4. 4. Defining “Multi-Tenancy” 4 of 6 It could be argued that if a given PaaS does not support traditional models of IPC between tenants, then it can never really be scaled out. This does in fact result in the non-intuitive idea of building the likes of socket-based or Web services-based inter-tenant communication protocols when the tenants actually reside in the “same database”. This non-intuitiveness makes it difficult to institute early on in the PaaS architecture, but also makes it a nightmare if it is needed later and the PaaS or SaaS wasn’t originally built that way. Isn’t (wasn’t) P2P Multi-Tenant? If it is accepted that in order to scale on-premise and SaaS – scaling out in a massively distributed way – using traditional IPC , then the “peer-to-peer” (P2P) paradigm (a la Napster) as an extreme example of a completely distributed multi-tenant system could be argued. In the Napster P2P case, the perspective of segmentation is actually right in the user’s face every time they do a search for their favorite song. In the P2P model, there is also a shared schema and there is inter-tenant communication. The inherent segmentation of the system itself is its primary feature and is exposed at all levels of users (perspectives) of the system. Software code is written in the P2P model that is multi-tenant aware at all levels. Many of the requirements of the new “multi-tenant SaaS” systems are met in the old P2P model, it’s just the perspectives of the multi-tenancy that change. “User Defined Field” Trap and Custom Tables A common facet of nearly any business software system is the venerable, maligned, and over-abused “user defined field”. Generally speaking, business software is developed around a common business process – say customer relationship management (CRM) for example. The end-users ultimately have the need to record information entirely specific to their business not included within the base business process of the business system. For example, a certain customer wants to add “accounting system id number” to all the “customer” records within their CRM. To accommodate this, software vendors traditionally add an arbitrary number of “user defined fields” to the end of specific tables within the underlying database. Since the software vendor can’t anticipate the data types of these fields, they usually add it as a text field, or they’ll add multiple user defined fields with different types – like a “user defined integer”. There are even systems4 whose entire model of user-customized “forms” is based on unnormalized user defined fields like this. The problem is these “user defined fields” are not first class residents in the database. They either represent unused space, or if used, they force strange machinations like storing integers in string fields which sort according to alphabetic rules. And they never seem to appear in the user interface where the user ultimately wants them to appear, and do not participate in the finely tuned analysis done by the database developer for the other fields. The user defined field model can certainly work in the multi-tenant environment too. But what if we want to deliver a multi-tenant platform the lets application designer (who is using the PaaS) build first class database entities? So, when they create a “form” for end-user data entry for example, the fields 4 From the some of the biggest software vendors you can think of. © Copyright 2009, Webiplex LLC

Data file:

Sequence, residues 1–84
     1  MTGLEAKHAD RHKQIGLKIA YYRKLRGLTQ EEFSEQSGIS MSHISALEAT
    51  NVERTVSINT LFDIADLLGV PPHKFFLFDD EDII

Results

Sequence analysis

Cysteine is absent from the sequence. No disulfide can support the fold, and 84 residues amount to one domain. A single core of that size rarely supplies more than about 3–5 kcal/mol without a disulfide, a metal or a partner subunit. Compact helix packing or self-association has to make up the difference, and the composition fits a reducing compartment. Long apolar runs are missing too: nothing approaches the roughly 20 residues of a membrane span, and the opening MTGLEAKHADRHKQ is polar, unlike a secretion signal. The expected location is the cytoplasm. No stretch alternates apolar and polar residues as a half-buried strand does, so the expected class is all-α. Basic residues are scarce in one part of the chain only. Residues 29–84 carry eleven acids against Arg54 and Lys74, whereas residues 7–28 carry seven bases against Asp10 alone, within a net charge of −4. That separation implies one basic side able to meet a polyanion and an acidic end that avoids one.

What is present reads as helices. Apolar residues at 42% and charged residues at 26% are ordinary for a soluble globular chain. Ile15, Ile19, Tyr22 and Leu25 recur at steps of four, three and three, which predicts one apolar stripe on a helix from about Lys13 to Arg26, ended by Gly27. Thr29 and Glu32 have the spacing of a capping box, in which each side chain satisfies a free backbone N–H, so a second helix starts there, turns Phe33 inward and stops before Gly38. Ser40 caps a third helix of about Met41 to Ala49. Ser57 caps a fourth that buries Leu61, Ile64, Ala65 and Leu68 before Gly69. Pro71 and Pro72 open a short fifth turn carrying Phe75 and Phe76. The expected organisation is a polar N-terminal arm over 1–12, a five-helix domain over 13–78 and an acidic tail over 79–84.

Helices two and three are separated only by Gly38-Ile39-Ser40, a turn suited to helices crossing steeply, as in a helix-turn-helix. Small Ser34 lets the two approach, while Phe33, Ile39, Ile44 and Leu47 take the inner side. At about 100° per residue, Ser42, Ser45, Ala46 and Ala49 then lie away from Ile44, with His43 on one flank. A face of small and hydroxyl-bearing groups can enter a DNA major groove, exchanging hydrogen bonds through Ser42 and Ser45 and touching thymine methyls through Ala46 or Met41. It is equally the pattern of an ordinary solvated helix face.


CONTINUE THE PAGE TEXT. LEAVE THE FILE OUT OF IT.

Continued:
5. 5. Defining “Multi-Tenancy” 5 of 6 on the form are stored in a table that actually has the right field names and types. Furthermore, if they search on one of those form fields a lot, they can add a database index just for that field. What impact does this have in a multi-tenant environment? First, we are immediately pushed outside of shared tables so we can no longer be considered a first- degree multi-tenant application – or can we? Does this conversely mean that to be a first-degree multi- tenant application you cannot provide end-users the ability to create data definitions resulting in first class database entities? Whether these tables are stored in the “main” database or in a secondary database for custom tables is irrelevant and doesn’t change the question. Summary – Pick the Right PaaS It all comes down to choosing a PaaS that you know supports all the options, degrees, or models, of multi-tenancy implementation. When you choose the PaaS that supports more models, then you inherently have a PaaS that supports a greater degree of flexibility for your particular application needs. If you choose a PaaS that manages and abstracts segmentation and partitioning at both higher5 and lower6 levels, then you can rest assured you can deliver on even the most demanding performance and customization requirements of your own customers or end-users. It also means that there really is no such thing as pure first-degree multi-tenant systems without also stating from whose perspective the classification is made. Models for partitioning extremely large data sets efficiently have been around for decades and involve segmentation of some kind. The fact that the primary key is a Web client “tenant” doesn’t change anything. Conversely, business software customers expect customized applications which have been delivered for decades. A first-degree SaaS is not viewed as an innovation by a end-user company that loses their customized IT competitive edge. A true PaaS recognizes these facts and delivers the financial benefits of shared resources and competitive benefits of customization, regardless of the particular flavor of multi-tenant segmentation chosen. About the Author Rob Rennie is founder and CTO of Webiplex, makers of DocuPeak. Webiplex DocuPeak is a business process management (BPM) and document management (EDMS) PaaS which is implemented atop a true cloud data center providing unlimited scalability to our customers. Webiplex delivers tools for the business process analyst to use to construct applications and does not require programming or extensive IT knowledge. Our customers include both the public and private sector, and our implementations are both on-premise and hosted. Prior to Webiplex, Rob was CTO at Loan-Score Decisioning systems, a multi-tenant SaaS delivering automated underwriting solutions to the mortgage industry and before that, Rob was founder of – a multi-tenant SaaS solution created in 2000 for managing inventory, shipping, and ERP transactions. 5 “Lesser-degree” from Mr. Wainewright’s article 6 “First degree” from the same article © Copyright 2009, Webiplex LLC
  6. 6. Defining “Multi-Tenancy” 6 of 6 Rob can be reached by contacting Webiplex via Trademarks All product names mentioned in this document are property of the respective companies that hold those trademarks. © Copyright 2009, Webiplex LLC